Taking a stand is not an easy thing to do for most, especially when the cost of standing out may be your life. Last week, I had the honor of meeting and interviewing Sheik Sattar. This young, vibrant leader was a rising star behind a movement that has brought peace to the area, and hope to a people.
I’ve spoken to many Iraqis here in Ramadi; they all have a similar tale to tell, but it usually boils down to a few basic details. For about two years, al-Qaida did everything in its power to murder and intimidate the men, women and children of Ramadi and Anbar. Al-Qaida’s occupation was at a peak last year when they declared Ramadi the capital of the Islamic state of Iraq.
Then came the awakening. Tired of the violence, Sattar lost his father and three of his brothers; the sheik brought together various tribe heads, the ones that were still attached to bodies, and formed a coalition with American forces to fight al-Qaida.
I’ve learned to admire how much Iraqis will fight, despite the risks. When Sattar asked the members of his tribe to become police officers and help secure their neighborhoods and their families, men signed up by the hundreds. Because of government bureaucracy, many were not paid for months, and yet they still showed up for work and still took many risks. Of course, this resistance made Sattar a prime target.
A few bad men can cause so much harm. It’s easy to forget that only 19 men were responsible for most of 9/11.
There’s this wobbly theory, or group think, back home that if al-Qaida were not plotting death here in Iraq, they’d be herding sheep somewhere and living a happy, productive and peaceful life; but nothing could be further from the truth.
In life, you can either put up or shut up. Sheik Sattar spoke out when most were stilled by fear or too busy fleeing the country. The sheik had resources and could have done the same, but then the awakening would not have taken place, and his death would have meant nothing. There is a Spanish saying, “Nobody writes about cowards.”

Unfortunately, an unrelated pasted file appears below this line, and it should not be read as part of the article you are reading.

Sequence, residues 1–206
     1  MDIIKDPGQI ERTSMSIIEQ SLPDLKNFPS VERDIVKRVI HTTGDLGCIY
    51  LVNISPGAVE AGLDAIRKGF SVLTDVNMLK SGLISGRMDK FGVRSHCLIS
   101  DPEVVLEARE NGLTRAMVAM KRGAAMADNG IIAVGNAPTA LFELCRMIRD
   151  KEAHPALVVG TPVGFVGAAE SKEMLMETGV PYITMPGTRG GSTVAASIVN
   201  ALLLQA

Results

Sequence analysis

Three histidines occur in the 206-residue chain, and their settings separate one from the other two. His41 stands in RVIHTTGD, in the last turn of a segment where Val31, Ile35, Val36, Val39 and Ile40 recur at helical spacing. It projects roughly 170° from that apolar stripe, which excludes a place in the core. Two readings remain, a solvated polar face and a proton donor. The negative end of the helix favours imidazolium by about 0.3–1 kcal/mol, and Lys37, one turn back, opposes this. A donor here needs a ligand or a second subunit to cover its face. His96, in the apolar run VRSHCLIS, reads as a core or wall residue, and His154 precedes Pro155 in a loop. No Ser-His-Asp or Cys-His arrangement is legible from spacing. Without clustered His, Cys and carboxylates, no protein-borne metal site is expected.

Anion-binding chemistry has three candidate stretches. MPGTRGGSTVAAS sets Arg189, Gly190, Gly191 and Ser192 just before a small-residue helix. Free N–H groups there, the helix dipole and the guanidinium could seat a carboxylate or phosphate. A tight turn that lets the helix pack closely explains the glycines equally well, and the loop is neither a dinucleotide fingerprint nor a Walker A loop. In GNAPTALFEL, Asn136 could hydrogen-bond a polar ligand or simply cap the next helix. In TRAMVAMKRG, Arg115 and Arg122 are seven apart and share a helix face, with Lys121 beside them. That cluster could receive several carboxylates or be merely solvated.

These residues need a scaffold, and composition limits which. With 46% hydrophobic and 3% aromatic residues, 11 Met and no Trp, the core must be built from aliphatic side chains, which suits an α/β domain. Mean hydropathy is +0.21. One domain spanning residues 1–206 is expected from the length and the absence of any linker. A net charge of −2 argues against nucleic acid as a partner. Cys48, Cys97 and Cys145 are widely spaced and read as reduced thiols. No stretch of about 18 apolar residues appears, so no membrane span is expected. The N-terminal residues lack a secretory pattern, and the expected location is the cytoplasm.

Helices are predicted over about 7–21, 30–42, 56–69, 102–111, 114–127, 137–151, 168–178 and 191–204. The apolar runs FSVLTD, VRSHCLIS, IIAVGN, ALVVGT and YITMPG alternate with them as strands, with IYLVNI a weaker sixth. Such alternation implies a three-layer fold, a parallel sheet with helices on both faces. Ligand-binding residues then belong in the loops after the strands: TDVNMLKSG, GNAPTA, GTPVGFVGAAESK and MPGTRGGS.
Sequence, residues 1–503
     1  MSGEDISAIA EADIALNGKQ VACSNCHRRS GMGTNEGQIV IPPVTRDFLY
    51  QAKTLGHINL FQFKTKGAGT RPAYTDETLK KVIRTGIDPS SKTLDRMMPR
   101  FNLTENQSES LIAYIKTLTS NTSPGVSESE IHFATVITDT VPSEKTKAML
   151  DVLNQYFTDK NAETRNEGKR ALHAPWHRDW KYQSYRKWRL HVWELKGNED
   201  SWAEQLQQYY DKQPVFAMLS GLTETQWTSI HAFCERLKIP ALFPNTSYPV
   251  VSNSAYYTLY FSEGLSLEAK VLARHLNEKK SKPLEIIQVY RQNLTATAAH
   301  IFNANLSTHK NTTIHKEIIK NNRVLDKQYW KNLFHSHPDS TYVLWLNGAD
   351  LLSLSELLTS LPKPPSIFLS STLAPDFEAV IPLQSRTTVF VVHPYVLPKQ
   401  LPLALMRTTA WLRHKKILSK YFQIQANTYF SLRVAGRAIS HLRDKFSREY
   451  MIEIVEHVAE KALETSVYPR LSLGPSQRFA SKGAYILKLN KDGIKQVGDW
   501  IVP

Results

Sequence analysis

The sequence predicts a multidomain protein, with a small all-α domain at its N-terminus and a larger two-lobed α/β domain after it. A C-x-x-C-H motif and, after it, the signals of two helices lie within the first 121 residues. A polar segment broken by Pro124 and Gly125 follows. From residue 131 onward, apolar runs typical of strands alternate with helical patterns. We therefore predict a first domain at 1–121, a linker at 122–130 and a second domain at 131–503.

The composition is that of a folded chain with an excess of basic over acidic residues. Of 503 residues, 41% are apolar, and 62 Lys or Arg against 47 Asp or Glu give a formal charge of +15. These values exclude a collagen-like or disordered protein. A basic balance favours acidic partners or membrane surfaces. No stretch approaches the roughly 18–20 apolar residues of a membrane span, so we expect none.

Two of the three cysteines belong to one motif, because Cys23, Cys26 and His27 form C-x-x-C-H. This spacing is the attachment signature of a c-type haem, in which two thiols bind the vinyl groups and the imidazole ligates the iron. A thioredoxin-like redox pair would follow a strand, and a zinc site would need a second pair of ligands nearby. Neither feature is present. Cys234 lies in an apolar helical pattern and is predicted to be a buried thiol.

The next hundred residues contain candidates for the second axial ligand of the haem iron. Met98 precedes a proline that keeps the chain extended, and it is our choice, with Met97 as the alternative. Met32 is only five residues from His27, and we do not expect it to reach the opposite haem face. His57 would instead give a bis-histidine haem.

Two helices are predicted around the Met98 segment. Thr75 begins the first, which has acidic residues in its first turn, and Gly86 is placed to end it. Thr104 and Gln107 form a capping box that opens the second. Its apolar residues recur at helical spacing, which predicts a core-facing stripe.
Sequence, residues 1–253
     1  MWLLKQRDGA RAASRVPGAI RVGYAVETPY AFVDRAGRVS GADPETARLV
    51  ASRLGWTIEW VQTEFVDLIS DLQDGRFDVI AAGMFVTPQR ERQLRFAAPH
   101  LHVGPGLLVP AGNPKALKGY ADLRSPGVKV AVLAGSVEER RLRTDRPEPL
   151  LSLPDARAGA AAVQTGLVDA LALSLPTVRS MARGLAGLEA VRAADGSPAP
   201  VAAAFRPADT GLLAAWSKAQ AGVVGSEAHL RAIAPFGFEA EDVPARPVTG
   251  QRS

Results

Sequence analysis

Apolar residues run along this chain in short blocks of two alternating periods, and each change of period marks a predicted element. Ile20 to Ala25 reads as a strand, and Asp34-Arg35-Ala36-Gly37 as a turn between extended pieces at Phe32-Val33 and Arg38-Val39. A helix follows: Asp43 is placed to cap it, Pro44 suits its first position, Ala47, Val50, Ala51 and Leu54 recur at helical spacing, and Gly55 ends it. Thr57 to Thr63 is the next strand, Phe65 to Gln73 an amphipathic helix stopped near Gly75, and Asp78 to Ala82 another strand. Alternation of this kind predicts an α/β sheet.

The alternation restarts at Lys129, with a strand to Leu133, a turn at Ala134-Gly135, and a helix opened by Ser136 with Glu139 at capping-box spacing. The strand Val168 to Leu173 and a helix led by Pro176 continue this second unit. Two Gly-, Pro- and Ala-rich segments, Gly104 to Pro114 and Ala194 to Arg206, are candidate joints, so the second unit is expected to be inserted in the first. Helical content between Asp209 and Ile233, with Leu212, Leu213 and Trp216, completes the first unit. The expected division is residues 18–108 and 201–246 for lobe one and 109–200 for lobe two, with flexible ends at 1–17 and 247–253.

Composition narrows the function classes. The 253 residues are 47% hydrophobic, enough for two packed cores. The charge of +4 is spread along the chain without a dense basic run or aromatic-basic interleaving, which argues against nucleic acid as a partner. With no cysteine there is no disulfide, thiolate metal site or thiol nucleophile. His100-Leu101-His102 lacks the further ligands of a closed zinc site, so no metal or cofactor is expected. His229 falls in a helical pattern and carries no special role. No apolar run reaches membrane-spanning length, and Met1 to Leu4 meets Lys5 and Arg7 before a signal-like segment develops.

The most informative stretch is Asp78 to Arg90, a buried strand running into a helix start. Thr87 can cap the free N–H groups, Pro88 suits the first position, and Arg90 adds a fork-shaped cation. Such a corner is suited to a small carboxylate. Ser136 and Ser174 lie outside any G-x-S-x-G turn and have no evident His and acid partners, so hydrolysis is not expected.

Back home there are many who take part in the luxury of debates, the “what if” game, but the people of Anbar are denied that reality, because they are currently fighting a very dangerous group of people who would like to enslave them through violence and dominate them through fear.
Matt Sanchez Sheik Sattar
Sheik Sattar was killed on the first day of Ramadan, the date was no mistake, because a fanatic thought this day would have the greatest impact, and he was right. I’m a Christian and it would be hard to imagine showing my devotion to God by blowing someone up on Christmas Eve, but that’s what the death cult did to Sheik Sattar. I remember the sheik talking about the “islamist.” He looked at me, tapped his forehead as his eyes widened, his voice stuttered. “They are very, very, very not nice people.”
The people who killed Sheik Sattar, al-Qaida in Iraq, are the kissing cousins of those 19 men who brought us Sept. 11. I watched Sattar play with his young son. I’m not sure if he had more children, but he was raising this boy to be a leader. Now, he is dead.
The road to martyrdom runs in two directions. A photo of a slain police officer adorns posters throughout Ramadi. The police officer was killed by al-Qaida; his son is now a police officer in Ramadi where he is treated as the son of a hero. Now, Sattar is the latest al-Qaida martyr. Mourners shouted for death to the bin Laden franchise during Sattar’s funeral. The terrorists have had their symbols blotted out by the ugly reality of desperation. Zarqawi is dead, forgotten; the leadership is hiding in caves applying dye to their beards in preparation for an Internet close-up. Sheik Sattar is a figure that will go down in history. Can anyone name even one of the 19 hijackers?
Sattar told me he wanted to go to Afghanistan, Iran and Pakistan. “Wherever it took to find Bin Laden.” I thought he was kidding (he had a way of smiling when saying important things and then appearing serious right before a joke.) Yet what this man accomplished was no laughing matter.
For months now, Ramadi and much of Anbar has been a model for success, a more peaceful place. Taking a stand is dangerous but Anbar will be grateful for those who show courage.
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Matt Sanchez, originally from California, is a New York City-based writer currently embedded with the U.S. military in Iraq. His work has appeared in the New York Post, National Review and the Weekly Standard.
A corporal in the United States Marine Corps Reserve and a student at Columbia University where he’s working on degree in American Studies, Sanchez says his mission in Iraq is “to report on the stories that matter the most, first-person accounts by the men and women on the ground.” His blog, Matt-Sanchez.com, chronicles his work.